ArtsAutosBooksBusinessEducationEntertainmentFamilyFashionFoodGamesGenderHealthHolidaysHomeHubPagesPersonal FinancePetsPoliticsReligionSportsTechnologyTravel

Knee jerk reaction – Meaning, disadvantages and how to avoid

Updated on August 4, 2012
Knee jerk reactions often lead to regret
Knee jerk reactions often lead to regret

This post discusses the meaning of knee jerk reaction, not the medical term but the behavioral idiom used in English language in our daily lives. Also pointed out, are the disadvantages of a knee jerk reaction and how to avoid knee jerk reactions.


What is a knee jerk reaction?

A knee jerk reaction is someones immediate response based on personal emotions and feelings, to a particular situation or event. The term, knee jerk reaction is derived from the term Patellar reflex wherein a doctor uses a tendon hammer to sharply strike a sensitive spot on the knee.


Contrary to its medical counterpart, a knee jerk reaction in everyday life is not based on any logic, analytics or thinking and is purely an automatic or impulsive response that a person has, based on his/her emotional stability.


Disadvantages of knee jerk reactions

The disadvantages of a knee jerk reaction don't really seem apparent until after the reaction has happened. Whether you are with your colleagues at the workplace, your family at home or with your friends at a cafe, a knee jerk reaction can be harmful and damaging to your personality. Here are reasons why you should not have knee jerk reactions in your daily lives.


1) Knee jerk reactions damage your decision making capacity

All decisions at work or in personal life deserve a logical and objective insight for the benefit of everyone involved. However, because of the fact that knee jerk reactions are based on emotions rather than logic, it is obvious that they will damage your capacity and ability to take the right decision at the right time. This is one of the reasons why managers and bosses at work always refrain from making knee jerk reactions.


2) Knee jerk reactions make you look intellectually weak

People who are intellectually strong and witty usually know how to handle a tricky situation by using their ability to think fast and effectively. The very minute that someone points a finger at you and your poor response to a particular situation, your intellectual capacity takes a massive beating. The very thought of 'think before you speak' is disregarded when you have a knee jerk reaction.


3) Knee jerk reactions can lead to fights

Whether it is a verbal onslaught or otherwise, knee jerk reactions often lead to fights and arguments. Even petty arguments can be instantly fired up into a big storm because of a reaction that was uncalled for.


4) Knee jerk reactions can damage your relationships

Your relationships with colleagues at work, friends in life and partner is life are too precious and important to be blown away by an unwanted knee jerk reaction, don't you think? Fall outs in many relationships are caused by the fact that people did not think before they spoke or took the wrong decision in the spur of the moment. This is a big blow because you will virtually waste the years of love and hard work that you've put in to nurture your relationships with the people around you.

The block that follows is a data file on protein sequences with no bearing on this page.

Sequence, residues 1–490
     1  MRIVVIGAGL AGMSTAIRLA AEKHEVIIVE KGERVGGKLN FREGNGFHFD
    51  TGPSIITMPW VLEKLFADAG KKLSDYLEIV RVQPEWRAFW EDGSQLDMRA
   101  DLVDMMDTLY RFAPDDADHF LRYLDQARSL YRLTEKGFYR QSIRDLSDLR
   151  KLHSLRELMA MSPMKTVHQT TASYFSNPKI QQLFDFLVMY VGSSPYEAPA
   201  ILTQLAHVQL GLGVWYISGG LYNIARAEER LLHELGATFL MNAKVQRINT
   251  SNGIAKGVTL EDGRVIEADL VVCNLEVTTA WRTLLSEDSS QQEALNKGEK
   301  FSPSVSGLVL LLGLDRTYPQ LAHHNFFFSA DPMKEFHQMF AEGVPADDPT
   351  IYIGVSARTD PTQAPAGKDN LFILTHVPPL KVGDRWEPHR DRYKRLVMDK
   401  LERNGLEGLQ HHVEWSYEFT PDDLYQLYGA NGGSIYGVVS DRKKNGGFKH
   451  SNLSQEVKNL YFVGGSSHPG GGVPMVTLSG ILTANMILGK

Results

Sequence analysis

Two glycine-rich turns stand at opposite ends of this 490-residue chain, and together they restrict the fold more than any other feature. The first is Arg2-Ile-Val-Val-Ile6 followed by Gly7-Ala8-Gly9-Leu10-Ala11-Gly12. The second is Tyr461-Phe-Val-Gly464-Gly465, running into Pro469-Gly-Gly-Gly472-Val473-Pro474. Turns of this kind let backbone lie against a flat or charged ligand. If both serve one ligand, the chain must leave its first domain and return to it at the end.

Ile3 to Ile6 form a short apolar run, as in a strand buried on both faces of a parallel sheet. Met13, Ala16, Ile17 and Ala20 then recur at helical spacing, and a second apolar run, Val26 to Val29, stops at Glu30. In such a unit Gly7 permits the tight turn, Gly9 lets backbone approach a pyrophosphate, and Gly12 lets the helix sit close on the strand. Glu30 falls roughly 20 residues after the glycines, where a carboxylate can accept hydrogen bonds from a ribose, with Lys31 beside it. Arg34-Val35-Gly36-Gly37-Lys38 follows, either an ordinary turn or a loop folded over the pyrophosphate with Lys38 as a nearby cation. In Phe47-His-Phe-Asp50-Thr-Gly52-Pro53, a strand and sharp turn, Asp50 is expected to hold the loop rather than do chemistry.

5) Knee jerk reactions cause regret

The thoughts of "I wish I didn't do that" or "Oh I wish I had not said that" can stem from the fact that you had a knee jerk reaction to a situation. When you do or say something that may be the cause of a heated situation, there are bound to be regrets. So if you want to stop worrying about your past, get into the habit of not making hasty decisions.


This is one of the reasons why politicians are masters at not making knee jerk reactions. But then again, they have a habit of vehemently denying what they said in the first place, don't they? While that is a separate issue, what you need to know is that knee jerk reactions may cause regret and frustration later on in life.


How to avoid knee jerk reactions

Although there is no pill that you can pop to simply put an immediate end to all the knee jerk reactions in your life, there are steps you can take to avoid making knee jerk reactions. These steps are all about conditioning and training your brain and other sensory aspects to think before you react. So go ahead, ask these questions to yourself every time you have a situation on hand and train your brain to stop making knee jerk reactions.


1) Is this battle really worth fighting for?

Before you engage yourself in any argument, whether at work or at home, you must consider if the battle you are about to fall into is worth fighting for, or not. Because if it isn't, you will simply walk away and eliminate the chances of you making a knee jerk reaction.


2) What are the possible short term and long term repercussions?

The whole idea of avoiding knee jerk reactions is because you want to avoid dealing with negative repercussions of any action you've taken or things you've said. The minute you start thinking of the repercussion before reacting to a situation, you will automatically start taking decisions that are based on logic rather than emotions.


3) Does this sound right?

Most knee jerk reactions don't sound right in the first place. Asking yourself this question is all about being judgmental about the vibe and feel of the reaction you are about to make. This quick critical review will help you to avoid saying or doing the unnecessary when you react. Remember, if it doesn't sound right, it probably isn't.


4) How is this going to benefit me?

Most of our reactions to any situation, whether they are verbal or otherwise, are done for our own emotional, physical or monetary benefit. One of the most helpful tips to avoid making knee jerk reactions is to think of the benefits you may derive from your reaction. No, this is not about being selfish, it is about being practical and it applies more to decisions that need to be taken in a workplace environment.


5) Introspect: Did I take the right decision?

A post-decision analysis is the key to learning from your mistakes and for the betterment of your ability to react to a particular situation. In the heat of the moment, you may have lost your cool and said or done something in haste. A quick objective, logical and intellectual analysis of what was said and done will help you learn from your mistake of making knee jerk reactions and avoiding them in the future.


Comments

    0 of 8192 characters used
    Post Comment

    • princesswithapen profile imageAUTHOR

      princesswithapen 

      7 years ago

      You are right, Husky. Experience and hindsight are the greatest teachers when it comes to learning how to avoid knee jerk reactions. This advice on refraining from such impulsive reactions is a top up. It is a list of things that we all can keep in mind before we let emotions take control. Thanks for calling this a gem.

      P

    • princesswithapen profile imageAUTHOR

      princesswithapen 

      7 years ago

      Hi embee77

      It's great that you write about ADD to educate everyone about the behavioral aspects of ADD. I will definitely read up on your hubs. I'm glad you liked this advice and thanks for reading.